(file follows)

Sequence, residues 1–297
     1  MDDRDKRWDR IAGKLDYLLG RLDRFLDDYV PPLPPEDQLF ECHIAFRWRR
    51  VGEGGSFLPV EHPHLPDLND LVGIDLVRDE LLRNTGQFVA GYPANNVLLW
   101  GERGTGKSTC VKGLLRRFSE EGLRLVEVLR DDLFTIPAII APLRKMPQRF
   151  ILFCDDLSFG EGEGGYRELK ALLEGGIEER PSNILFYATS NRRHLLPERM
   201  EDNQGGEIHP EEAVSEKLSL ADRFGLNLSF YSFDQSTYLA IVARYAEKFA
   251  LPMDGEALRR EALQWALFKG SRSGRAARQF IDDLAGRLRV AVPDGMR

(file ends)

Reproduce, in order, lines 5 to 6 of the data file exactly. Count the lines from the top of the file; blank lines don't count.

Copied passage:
   151  ILFCDDLSFG EGEGGYRELK ALLEGGIEER PSNILFYATS NRRHLLPERM
   201  EDNQGGEIHP EEAVSEKLSL ADRFGLNLSF YSFDQSTYLA IVARYAEKFA